Sexually transmitted diseases (STDs) are an important public health problem, due to their medical, social and economic repercussions. Therefore, more knowledge is needed about the sexual behaviour that promotes their spread, in order to improve control and prevention strategies. Our aim was to determine the frequency of male condom use associated with sexual behaviour factors, a history of and knowledge about STDs in a sample of the male population in Mexico City. During 1994 a cross-sectional epidemiological study was carried out, using multi-stage sampling with conglomerates, in 1377 men from 15 to 49 years old. The mean age was 34.5 years (SD 7.5 years). Mean age at first sexual relations was 17.7 years (SD 2.8 years). The global proportion of condom use during the last sexual relation was 24.6%; use according to type of female sex partner in the last year was 18.8% with regular partners and 62.5% with occasional partners. The principal predictors of male condom use, identified through statistical modelling, were: younger age (<25 years), middle and high education level (>9 years), middle and high socioeconomic level and type of sexual partners (occasional and regular). This population has risk factors for acquiring and transmitting some STDs, such as occasional sexual partners and a history of STDs. Characteristics which are important in relation to male condom use were identified, such as age (younger than 35), education (complete junior high school or more) and type of sexual partners (occasional and regular).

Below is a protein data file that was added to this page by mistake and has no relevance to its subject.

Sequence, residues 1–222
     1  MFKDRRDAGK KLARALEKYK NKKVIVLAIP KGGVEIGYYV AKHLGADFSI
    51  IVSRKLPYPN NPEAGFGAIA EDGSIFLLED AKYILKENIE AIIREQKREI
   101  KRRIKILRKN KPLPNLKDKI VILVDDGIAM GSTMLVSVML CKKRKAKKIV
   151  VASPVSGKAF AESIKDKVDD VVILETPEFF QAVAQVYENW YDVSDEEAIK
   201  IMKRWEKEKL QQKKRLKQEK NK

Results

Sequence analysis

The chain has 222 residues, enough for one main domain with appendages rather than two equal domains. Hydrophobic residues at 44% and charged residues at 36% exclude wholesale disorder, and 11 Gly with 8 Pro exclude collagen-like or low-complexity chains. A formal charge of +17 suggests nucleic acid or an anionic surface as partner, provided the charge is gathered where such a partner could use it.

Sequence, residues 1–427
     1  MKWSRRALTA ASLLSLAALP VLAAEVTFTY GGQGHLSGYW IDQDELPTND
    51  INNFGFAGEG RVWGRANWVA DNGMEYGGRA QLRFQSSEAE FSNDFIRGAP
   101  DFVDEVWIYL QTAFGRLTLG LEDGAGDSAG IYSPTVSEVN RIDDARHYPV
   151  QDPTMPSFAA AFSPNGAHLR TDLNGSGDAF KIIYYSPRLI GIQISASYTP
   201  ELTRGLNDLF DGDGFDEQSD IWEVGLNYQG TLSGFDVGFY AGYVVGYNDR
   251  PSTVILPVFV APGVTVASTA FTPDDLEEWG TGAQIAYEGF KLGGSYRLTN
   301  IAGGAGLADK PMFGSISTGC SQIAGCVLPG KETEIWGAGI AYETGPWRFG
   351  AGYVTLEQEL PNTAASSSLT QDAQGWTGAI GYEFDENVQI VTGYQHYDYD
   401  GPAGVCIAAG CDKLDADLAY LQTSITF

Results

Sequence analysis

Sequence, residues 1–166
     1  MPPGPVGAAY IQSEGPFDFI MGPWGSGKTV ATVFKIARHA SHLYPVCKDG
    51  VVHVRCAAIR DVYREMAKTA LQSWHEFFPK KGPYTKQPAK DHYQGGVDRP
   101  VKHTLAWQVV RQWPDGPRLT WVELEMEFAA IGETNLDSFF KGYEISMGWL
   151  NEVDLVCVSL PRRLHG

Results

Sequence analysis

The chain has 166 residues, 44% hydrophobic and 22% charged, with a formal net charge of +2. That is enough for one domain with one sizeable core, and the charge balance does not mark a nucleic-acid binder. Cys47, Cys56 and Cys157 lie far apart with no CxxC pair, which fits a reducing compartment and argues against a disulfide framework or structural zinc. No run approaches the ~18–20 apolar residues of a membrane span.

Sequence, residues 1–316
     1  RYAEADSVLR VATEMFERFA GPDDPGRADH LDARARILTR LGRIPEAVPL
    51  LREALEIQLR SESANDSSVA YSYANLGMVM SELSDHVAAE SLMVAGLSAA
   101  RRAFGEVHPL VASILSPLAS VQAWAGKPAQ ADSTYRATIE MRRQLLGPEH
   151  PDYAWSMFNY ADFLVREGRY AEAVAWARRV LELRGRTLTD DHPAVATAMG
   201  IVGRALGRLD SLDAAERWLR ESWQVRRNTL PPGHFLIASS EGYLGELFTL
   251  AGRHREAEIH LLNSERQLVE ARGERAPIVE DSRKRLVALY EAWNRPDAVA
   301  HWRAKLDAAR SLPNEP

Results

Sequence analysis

PIP: A cross-sectional epidemiological study was conducted in 1994 to determine the frequency of condom use in Mexico City among sexually active men aged 15-49 years old, and the association with sexual behavior and a history of or knowledge about STDs. The 1377 men interviewed were of mean age 34.5 years, and experienced their first sexual intercourse at mean age 17.7 years. 47% of the men reported using a condom at least once in their lives and 81.6% were married. 79.4% reported having a formal partner, 14.6% had relations with occasional partners, and 6.1% with both regular and informal partners. 26.4% used a condom during their most recent sexual intercourse, 18.8% with formal partners and 62.5% with casual partners. Condom use with formal partners was largely to prevent pregnancy, while condom use with casual partners was to prevent the transmission of STDs. Young and single men were almost twice as likely to use condoms as older married men. The main predictors of male condom use were therefore being under 25 years old, having more than 9 years of formal education, being of middle to high socioeconomic status, and type of sex partners.